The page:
Overrated-Underrated: Buckeyes' John Simon
Every college football season players are often viewed in a drastically different light by the media than they are by me and NFL scouts. So throughout the 2012 college football season I will take a look at one player each week that is either over-rated or under-rated based on my film study and what I am hearing from NFL scouts. I am starting in the Big Ten Conference because I believe that Ohio State defensive lineman John Simon is one of the most under-rated players in the country.
US PRESSWIREOhio State's John Simon is one of the most 'underrated' players in the country.
John Simon, DE/DT, Ohio State
40 time: 4.80 (Estimated)
Simon is never going to remind anyone of Dwight Freeney as he lacks that rare first step explosiveness to threaten the corner as a speed rusher. However, he has been a consistently productive pass rusher while lining up in a variety of spots. Unlike the majority of college pass rushers, Simon does an excellent job of maintain good leverage and pad level during rush and has outstanding hand-use/technique to keep the offensive tackle from getting ahold of him. His natural feel for rushing the passer shows up in the timing and variety of his pass rush moves as he consistently is able to beat the offensive tackle inside with a quick spin move or can get to corner, dips shoulder and rips through the attempted block to turn corner.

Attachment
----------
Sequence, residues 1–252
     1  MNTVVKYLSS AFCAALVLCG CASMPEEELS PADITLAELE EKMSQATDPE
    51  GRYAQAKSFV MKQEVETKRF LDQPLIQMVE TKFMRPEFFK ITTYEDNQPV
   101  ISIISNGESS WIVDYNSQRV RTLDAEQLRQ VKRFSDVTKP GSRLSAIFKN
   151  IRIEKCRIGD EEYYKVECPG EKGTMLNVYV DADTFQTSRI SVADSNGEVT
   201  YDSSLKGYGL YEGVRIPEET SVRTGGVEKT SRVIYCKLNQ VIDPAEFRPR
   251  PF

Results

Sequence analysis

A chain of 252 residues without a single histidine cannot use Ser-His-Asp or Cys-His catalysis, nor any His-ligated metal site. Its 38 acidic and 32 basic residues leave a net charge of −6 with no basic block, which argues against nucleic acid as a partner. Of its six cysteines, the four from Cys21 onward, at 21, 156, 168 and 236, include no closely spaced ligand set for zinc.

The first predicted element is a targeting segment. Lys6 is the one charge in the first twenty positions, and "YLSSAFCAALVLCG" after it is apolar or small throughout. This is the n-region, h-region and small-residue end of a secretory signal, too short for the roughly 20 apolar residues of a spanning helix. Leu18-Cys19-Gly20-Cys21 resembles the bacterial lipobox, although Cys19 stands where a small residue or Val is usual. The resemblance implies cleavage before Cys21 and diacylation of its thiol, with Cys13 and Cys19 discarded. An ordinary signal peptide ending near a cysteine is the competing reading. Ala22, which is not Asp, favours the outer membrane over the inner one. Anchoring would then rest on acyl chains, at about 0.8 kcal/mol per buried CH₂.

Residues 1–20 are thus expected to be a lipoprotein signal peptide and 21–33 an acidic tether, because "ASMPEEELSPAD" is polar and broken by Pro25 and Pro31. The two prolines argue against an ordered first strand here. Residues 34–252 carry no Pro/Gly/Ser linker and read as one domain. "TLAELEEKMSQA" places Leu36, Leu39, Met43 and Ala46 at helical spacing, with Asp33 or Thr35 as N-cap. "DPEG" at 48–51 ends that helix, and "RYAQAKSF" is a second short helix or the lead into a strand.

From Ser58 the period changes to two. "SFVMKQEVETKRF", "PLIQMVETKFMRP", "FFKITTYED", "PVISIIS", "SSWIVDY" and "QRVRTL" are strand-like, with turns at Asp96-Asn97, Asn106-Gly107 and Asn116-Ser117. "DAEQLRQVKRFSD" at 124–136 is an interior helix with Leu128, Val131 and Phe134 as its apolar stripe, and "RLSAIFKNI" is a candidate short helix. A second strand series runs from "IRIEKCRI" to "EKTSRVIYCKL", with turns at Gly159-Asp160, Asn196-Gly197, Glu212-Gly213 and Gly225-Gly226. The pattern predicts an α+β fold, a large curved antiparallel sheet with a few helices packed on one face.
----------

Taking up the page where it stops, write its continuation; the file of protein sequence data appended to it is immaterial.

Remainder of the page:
Many times defensive ends with elite athleticism are not consistently productive because they do not have good technique or pass rush aggressively every snap. This is where Simon is able to separate himself. Once the ball is snapped, Simon attacks the blocker with rare aggressiveness and plays like “his hair is on fire.” Although he primarily plays with a “hand on the ground” in a three point stance, he has experience lining up in a stand-up outside linebacker alignment, so he is not completely foreign to that if a team that plays a 34 defense would want him to play there. He rarely was asked to drop off the ball into coverage in the games I evaluated, but the athleticism he displayed while playing the run and rushing the passer make me confident that he can at least be solid in short area coverage.
Unlike many highly productive college pass rushers, Simon is even better playing the run. For a 260 pounder his ability to maintain good base and get a good “fit” vs. offensive line run blocks helps him to consistently play strong at the point of attack. His good hand use also helps him to shed run blocks to make tackles on running plays to his side of the field consistently. Additionally, when offenses either leave him unblocked or try to “reach block” him with a tight end on the backside, he gets started down the line fast and has the speed to chase down plays in pursuit with ease.
Simon is not the physical specimen who is going to challenge to be a first round pick, but he is far better than he has been given credit for. I am confident that if he stays healthy throughout the 2012 season he will likely end up being a second or third round pick in the 2013 NFL Draft. In addition to having the competitiveness and mentality that NFL teams love, Simon’s versatility gives him real draft value. In today’s NFL where nearly half the teams play a 34 defense, Simon will be viewed as a good outside linebacker conversion prospect. While those teams that play a 43 scheme will look at him as a strong-side defensive end. Helping Simon to contribute early in his NFL career while he learns and adjusts to playing defense in the NFL, is his mentality and competitiveness which will lead to him being a productive member of special teams coverage units.
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